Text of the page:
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‘Forced’ family separation and inter-generational dynamics: multi-generational new Chinese immigrant families in New Zealand

Ran, Guanyu Jason; Liu, Liangni Sally


Liangni Sally Liu


In New Zealand (NZ), due to the immigration policy change against family reunifications, many ‘forced’ transnational immigrant families emerged between NZ and other immigration sending countries. Closely tied family members across generations now have limited choice but to live across different national, cultural, and linguistic localities. By taking the new Chinese immigrant families from the People’s Republic of China (PRC) as the case in point, and based on 45 in-depth interviews with their multi-generational family members, this paper examines how immigrant families adapt to the NZ immigration regime which does not easily accommodate their cultural preference to live as multi-generational families. It also demonstrates the importance of family reunification for immigrant families in NZ, and the changing inter-generational power relations caused by the evolving process of migration and settlement of these families.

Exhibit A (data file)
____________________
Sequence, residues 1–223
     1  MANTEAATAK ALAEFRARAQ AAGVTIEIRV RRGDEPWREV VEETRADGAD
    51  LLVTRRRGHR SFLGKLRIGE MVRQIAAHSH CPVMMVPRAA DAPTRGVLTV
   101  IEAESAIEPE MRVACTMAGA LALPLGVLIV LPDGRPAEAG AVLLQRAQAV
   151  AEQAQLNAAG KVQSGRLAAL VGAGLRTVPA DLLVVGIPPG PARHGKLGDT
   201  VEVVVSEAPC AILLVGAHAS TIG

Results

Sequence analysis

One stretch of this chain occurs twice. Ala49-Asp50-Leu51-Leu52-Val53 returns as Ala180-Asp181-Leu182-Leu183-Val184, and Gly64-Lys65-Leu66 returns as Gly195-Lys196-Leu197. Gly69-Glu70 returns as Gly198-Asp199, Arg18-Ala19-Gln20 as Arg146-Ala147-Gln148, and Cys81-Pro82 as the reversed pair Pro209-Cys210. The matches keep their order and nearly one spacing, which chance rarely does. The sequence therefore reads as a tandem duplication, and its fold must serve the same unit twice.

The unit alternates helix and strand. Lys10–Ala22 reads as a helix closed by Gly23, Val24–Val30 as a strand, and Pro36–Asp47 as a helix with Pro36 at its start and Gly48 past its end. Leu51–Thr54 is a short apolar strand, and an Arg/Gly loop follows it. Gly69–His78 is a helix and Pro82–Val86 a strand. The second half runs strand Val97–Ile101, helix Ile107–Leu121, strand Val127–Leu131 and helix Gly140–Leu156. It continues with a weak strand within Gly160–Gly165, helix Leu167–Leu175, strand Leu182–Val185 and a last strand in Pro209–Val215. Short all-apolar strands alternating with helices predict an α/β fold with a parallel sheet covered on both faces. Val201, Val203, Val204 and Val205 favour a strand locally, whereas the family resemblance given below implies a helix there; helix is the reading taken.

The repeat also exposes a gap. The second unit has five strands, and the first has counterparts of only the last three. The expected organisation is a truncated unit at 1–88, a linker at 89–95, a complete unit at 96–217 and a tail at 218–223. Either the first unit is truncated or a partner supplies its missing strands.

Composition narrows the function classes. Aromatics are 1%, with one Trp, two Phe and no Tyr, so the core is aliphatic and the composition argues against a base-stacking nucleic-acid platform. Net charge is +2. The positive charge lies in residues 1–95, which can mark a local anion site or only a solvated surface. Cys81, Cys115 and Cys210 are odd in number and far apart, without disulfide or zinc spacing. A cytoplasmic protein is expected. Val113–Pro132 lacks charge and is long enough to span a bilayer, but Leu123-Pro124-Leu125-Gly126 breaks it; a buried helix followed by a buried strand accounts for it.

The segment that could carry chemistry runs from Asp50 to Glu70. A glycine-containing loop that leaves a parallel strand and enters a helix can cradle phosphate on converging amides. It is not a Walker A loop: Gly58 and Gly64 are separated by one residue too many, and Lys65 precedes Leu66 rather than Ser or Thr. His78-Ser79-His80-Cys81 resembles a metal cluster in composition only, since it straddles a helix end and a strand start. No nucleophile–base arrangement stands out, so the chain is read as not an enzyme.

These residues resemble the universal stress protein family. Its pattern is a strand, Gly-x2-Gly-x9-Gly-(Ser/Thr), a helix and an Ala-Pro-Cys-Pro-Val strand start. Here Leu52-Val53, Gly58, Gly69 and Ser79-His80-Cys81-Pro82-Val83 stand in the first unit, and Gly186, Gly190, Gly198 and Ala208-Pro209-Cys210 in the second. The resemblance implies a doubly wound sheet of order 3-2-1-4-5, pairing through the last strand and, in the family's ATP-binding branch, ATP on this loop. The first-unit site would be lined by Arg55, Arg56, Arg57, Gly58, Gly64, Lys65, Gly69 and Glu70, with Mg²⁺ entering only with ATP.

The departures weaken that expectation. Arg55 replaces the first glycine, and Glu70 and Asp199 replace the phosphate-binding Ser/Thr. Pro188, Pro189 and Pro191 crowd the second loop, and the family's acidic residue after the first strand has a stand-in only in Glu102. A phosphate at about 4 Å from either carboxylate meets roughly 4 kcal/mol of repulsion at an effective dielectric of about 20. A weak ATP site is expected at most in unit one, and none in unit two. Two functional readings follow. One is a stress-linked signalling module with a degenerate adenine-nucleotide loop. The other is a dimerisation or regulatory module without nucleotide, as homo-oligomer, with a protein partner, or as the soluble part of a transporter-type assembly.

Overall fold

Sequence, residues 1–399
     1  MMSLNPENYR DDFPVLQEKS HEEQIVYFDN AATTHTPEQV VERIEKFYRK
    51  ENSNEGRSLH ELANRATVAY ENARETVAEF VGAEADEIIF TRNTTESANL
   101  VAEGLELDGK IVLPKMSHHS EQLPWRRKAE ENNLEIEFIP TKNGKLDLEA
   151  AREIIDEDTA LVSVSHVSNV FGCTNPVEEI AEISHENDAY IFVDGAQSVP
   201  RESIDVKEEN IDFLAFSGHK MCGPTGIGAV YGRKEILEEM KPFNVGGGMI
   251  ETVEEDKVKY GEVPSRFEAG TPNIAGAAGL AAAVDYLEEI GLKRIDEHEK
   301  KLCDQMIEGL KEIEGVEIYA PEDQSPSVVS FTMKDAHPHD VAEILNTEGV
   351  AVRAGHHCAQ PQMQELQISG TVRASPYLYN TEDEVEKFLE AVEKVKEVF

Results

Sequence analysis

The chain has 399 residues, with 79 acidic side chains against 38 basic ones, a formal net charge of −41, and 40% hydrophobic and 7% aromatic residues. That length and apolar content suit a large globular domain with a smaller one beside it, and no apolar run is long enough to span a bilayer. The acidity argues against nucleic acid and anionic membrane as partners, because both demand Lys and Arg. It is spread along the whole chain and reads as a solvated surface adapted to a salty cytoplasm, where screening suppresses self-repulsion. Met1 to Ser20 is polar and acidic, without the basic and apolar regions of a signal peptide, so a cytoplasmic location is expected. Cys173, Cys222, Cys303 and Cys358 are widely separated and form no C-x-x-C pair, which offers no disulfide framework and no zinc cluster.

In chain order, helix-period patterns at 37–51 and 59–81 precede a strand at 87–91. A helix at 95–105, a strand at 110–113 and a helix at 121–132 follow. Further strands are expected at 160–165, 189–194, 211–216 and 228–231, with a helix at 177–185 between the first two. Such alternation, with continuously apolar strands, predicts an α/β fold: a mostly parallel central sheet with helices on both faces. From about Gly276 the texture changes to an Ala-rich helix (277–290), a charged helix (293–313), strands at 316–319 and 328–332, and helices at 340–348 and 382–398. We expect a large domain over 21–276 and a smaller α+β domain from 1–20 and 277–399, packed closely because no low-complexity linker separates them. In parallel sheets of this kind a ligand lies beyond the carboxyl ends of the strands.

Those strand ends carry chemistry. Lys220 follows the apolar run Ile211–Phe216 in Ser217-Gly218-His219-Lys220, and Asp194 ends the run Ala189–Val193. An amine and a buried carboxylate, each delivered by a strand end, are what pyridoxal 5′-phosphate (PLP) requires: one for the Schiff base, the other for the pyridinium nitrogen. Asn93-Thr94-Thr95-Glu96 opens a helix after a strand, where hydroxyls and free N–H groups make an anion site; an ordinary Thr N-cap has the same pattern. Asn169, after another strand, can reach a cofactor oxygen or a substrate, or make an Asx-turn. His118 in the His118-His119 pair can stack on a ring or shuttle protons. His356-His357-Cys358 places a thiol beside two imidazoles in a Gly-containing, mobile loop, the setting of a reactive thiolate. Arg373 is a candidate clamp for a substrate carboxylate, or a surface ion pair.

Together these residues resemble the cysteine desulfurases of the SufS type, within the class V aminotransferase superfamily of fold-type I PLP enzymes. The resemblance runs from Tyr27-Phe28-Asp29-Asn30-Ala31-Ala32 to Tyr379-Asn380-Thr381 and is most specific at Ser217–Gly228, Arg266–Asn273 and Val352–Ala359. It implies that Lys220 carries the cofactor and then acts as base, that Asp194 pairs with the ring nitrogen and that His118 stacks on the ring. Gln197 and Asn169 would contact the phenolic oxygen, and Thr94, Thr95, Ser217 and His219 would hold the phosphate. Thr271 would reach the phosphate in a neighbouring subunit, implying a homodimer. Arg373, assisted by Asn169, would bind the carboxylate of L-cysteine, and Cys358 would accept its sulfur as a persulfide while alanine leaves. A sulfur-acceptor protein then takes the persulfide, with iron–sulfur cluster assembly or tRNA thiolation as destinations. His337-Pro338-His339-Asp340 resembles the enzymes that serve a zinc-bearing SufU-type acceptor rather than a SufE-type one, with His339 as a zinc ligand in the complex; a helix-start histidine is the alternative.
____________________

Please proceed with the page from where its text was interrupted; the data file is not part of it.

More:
Journal Article Type Article
Acceptance Date Jul 24, 2020
Online Publication Date Jul 30, 2020
Publication Date Jan 2, 2021
Deposit Date Dec 5, 2022
Publicly Available Date Dec 8, 2022
Journal Kōtuitui: New Zealand Journal of Social Sciences Online
Publisher Royal Society of New Zealand
Peer Reviewed Peer Reviewed
Volume 16
Issue 1
Pages 148-167
Keywords Immigration policy, family reunification, intergenerational dynamics, Chinese immigrants, multigenerational immigrant families
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